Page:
Citizen Voting Rights

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Citizen Voting Rights

Post  Admin on Sun Sep 15, 2013 9:38 pm

The UIG has made a token effort to keep democracy alive in the corporate super-future, but this is made difficult by the fact that corporations are not really governments. In 2395, after decades of negotiations and compromises between the UIG and every Corporation, the Citizen Voting Rights Act was passed. This act lays out what sorts of decisions require citizen input and allow citizens to vote on some measures directly; the UIG does not believe in elected representational governments and aims for pure democracy.
In real terms, the effects of the Citizen Voting Rights Act have not been significant. Most Corporations simply ignore the act and pay it occasional lip service to keep the UIG at bay. Votes are held on issues such as proposed (minor) changes in law, local land development and zoning, and regional budgets for public services. The corporations ensure that significant issues such as international policy, inter-corporate law and corporate rights do not reach any kind of public vote.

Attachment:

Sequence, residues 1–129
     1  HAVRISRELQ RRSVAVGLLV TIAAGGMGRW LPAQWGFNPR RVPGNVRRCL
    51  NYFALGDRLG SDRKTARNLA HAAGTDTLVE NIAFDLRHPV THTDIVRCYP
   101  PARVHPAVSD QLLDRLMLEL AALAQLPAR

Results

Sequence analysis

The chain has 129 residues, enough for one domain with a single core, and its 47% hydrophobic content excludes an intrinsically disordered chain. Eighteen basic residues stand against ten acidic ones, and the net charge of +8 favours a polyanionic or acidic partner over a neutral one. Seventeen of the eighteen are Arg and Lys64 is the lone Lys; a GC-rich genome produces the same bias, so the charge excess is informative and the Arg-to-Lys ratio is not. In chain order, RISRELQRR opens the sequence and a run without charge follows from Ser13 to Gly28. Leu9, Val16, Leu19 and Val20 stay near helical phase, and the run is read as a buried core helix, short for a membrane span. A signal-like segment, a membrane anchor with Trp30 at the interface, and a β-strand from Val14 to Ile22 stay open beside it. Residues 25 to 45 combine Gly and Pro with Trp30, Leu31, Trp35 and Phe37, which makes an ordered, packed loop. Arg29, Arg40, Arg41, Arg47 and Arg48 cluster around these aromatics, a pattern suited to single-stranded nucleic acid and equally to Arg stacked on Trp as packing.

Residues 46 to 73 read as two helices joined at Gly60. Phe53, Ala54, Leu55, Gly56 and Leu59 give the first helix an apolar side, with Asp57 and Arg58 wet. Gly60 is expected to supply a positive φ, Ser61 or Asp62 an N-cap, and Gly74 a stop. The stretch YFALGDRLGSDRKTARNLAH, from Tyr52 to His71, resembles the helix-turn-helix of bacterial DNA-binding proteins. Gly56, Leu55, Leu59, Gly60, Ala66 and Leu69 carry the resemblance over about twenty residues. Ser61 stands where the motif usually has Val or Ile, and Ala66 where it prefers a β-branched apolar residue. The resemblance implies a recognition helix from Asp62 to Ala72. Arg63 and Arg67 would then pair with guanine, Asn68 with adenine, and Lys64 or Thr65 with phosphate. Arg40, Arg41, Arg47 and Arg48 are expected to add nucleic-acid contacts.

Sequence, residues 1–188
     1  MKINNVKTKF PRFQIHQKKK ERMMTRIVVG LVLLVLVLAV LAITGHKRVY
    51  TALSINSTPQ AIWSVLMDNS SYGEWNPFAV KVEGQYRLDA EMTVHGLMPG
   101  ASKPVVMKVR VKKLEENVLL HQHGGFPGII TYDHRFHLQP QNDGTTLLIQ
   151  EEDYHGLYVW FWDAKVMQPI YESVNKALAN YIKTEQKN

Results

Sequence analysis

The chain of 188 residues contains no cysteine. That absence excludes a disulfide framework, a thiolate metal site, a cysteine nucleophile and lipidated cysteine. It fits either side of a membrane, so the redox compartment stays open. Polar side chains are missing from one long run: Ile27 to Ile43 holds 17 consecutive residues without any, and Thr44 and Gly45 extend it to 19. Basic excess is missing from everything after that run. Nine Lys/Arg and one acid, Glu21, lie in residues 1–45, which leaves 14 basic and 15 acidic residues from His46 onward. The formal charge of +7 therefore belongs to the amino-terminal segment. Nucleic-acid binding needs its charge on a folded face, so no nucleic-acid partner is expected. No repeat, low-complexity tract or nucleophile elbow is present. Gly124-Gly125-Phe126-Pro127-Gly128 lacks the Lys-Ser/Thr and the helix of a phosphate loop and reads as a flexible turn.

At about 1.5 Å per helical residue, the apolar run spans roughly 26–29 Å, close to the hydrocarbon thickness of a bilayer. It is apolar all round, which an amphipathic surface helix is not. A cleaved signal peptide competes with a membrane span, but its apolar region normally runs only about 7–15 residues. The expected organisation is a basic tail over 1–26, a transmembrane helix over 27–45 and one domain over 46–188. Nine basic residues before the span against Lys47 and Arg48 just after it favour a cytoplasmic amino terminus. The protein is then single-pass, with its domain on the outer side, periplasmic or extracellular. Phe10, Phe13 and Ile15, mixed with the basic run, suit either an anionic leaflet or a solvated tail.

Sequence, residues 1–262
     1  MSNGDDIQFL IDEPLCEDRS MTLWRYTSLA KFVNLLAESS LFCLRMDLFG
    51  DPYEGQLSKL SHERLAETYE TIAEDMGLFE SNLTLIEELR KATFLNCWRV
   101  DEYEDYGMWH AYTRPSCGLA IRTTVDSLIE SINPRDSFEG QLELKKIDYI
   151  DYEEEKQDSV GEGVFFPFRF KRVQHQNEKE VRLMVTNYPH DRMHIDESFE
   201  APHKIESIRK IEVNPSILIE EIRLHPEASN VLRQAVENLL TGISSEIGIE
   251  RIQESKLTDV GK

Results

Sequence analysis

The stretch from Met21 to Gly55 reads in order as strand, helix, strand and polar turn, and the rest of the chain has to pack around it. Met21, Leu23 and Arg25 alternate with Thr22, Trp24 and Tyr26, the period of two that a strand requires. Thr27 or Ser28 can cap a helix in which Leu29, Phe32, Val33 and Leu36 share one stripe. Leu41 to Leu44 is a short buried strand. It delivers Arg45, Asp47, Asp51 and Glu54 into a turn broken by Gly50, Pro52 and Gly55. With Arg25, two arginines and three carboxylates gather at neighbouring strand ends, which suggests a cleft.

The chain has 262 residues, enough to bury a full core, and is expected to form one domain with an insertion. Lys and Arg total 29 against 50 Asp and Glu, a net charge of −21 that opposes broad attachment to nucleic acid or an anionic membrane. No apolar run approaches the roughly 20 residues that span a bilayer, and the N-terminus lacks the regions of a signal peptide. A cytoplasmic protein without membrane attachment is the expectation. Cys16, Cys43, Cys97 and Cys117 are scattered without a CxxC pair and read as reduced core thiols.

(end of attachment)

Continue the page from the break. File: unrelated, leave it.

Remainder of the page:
There is significant variation in the frequency and uptake of voting rights across the globe. The E.I and Comoros have the most well developed voting systems and make use of them at local levels at least annually in all of their territories.

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Re: Citizen Voting Rights

Post  Admin on Sun Sep 15, 2013 9:43 pm

E.I Freedom Market
The Freedom Market is how the E.I make sure that democracy is kept in line with corporate interests. All citizens have the right to vote, and they also have the right to sell their vote on the open market. Much to the UIG's dismay the Freedom Market is used by ~60% of E.I citizens to earn extra credits during the voting season and the E.I makes the event into something of a holiday. Many shops and service providers offer special 'voting discounts' to customers who pay with their votes.
The most popular way to sell a vote is by auction on the WDN. During votes for important issues which affect key businesses these votes can become extremely valuable. Wealthy businesses can attempt to out-spend their opposition to pass beneficial laws, or to make their competitor's business practices illegal or more heavily regulated.

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